Back to Ecuador…in Pictures

Crested Quetzal 11-22-2017-0444

Crested Quetzal

How I wish I could be in Ecuador today! We are in the single digits which presents a challenge even for hardy Midwesterners. Revisiting the trip through these photographs is only a little bit more frustrating than trying to take the pictures themselves, but I am grateful for the escape on a day like today.

The two pix immediately below represent two frequent quandaries: one, a lot of vegetation, but where was the bird, and two, we can see the birds but they are far away and have their backs to us. The Crested Quetzal at the head of this post was the only one that ventured to turn around.

Above, three views of a Black-Crested Warbler. Below, a Scarlet-Rumped Cacique.

I think the best looks I got at the Mountain Wren below were outside my back porch.

Also in the “yard”, an Azara’s Spinetail. And a Cinnamon Flycatcher.

Cinnamon Flycatcher San Isidro 11-23-17-0697

The Green Jays are…also yellow and blue and black.

Green Jay 11-23-2017-0613Sometimes I got a good picture in a less-than-attractive setting, like the Chestnut-Bellied Seedeater below.

Southern Lapwings…

A Strong-Billed Woodcreeper…

While we were grateful for sunshine, sometimes its intensity interfered with images. Below, a Streaked Xenops, Squirrel Cuckoo and Red-headed Barbet.

Anytime we encountered rushing water we were looking for Torrent Ducks. We did finally find this male.

A Tropical Kingbird on the left, a Short-crested Flycatcher on the right.

Woodpeckers were seen infrequently. Below, the best I could manage of a Yellow-Vented Woodpecker.

I am grateful for any Mountain-Tanagers I managed to capture. Below is the Blue-Winged.

Also directly around the room, a beautiful butterfly and a hairy but flashy-looking fly.

Of course the ubiquitous Chestnut-Breasted Coronets insisted I pay attention to them…

Chestnut-breasted Coronet 11-23-2017-0629And this Green Jay was reminding me he too can be camouflaged. Somewhat.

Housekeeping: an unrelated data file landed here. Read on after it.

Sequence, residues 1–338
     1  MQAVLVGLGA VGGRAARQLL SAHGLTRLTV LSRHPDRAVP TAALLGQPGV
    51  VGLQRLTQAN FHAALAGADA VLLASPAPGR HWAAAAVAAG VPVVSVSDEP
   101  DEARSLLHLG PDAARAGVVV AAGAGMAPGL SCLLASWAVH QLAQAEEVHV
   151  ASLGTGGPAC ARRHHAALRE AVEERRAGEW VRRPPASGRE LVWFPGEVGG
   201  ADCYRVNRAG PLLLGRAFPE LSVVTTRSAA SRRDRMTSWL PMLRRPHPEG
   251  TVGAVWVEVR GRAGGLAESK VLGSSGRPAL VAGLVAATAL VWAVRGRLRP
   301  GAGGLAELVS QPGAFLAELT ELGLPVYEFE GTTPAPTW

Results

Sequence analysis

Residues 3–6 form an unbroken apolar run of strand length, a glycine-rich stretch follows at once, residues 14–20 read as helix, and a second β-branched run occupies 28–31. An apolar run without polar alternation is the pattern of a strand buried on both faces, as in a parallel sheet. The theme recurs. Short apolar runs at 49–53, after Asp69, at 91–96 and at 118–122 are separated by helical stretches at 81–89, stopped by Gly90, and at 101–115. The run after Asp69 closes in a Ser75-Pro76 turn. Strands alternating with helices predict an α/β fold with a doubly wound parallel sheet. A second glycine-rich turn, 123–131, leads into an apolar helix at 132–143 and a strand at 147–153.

Green Jay in palm 11-23-2017-0479

Spider in web 11-22-2017-0270As hard as it is to sit inside with the sun shining brightly today, I know that clarity comes at a price… We are due for a slight warm-up tomorrow, just enough to turn cloudy and start snowing. Hey. The days are getting longer. Spring is coming. Keep thinking Spring. It will happen. Have faith. And I have yet more tropical diversions in store for this page.

 

A Little Panama, a Little Protest

Great Jacamar 3-14-17-2198

Great Jacamar

I stayed home last night instead of going swimming because I just didn’t feel like going out in the weather again. It was chilly, rainy and windy all day and after a busy weekend it felt like a stay-at-home-with-the-birds night, providing me enough mental energy for combing through the Panama Pictures.

It wasn’t always easy to find the birds…when I was taking the pictures, or going through the pictures later. Like this Bay Wren below.

Or this American Pygmy Kingfisher.

Some were a bit more obliging, like the White-Whiskered Puffbirds below. Male on the left, female on the right.

Or the Scarlet-Rumped Cacique that took forever to finally turn around and show me the field mark it was named for. I’m rather enamored of its blue-ringed eyes.

Just as I almost got the White-Tailed Trogon in focus, it left.

Woodcreepers are unique, and the Black-Striped Woodcreeper below is particularly so.

This Rufous Mourner didn’t appear very mournful to me; I think it must be named after its song.

Rufous Mourner 3-14-17-2322

Rufous Mourner

Below is a somewhat distant Masked Tityra.

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Masked Tityra

Another beautiful skulker below, a Chestnut-Backed Antbird. When I see an antbird I always feel like a Peeping Tom.

Mealy Parrots are fairly common in Central and South America, but I find them beautiful and wish they had a more attractive name.

Below, one of many Mantled Howler Monkeys that were hard to fit into a picture.

Mantled Howler Monkey 3-14-17-2280I know, I promised you Protest, so here we go with a series of some shots from the Science March in Chicago on April 22nd.

I think I’ll spread the Science March photos out over a few posts – likely marches will be ongoing all spring/summer/dare I say all year? and we’ll stay in the mood.

There’s a spring bird count to do on Saturday morning, choir on Sunday, and if it ever stops raining, the garden beckons. Stay tuned for more from Panama, spring migration, etc. Thanks for your visit!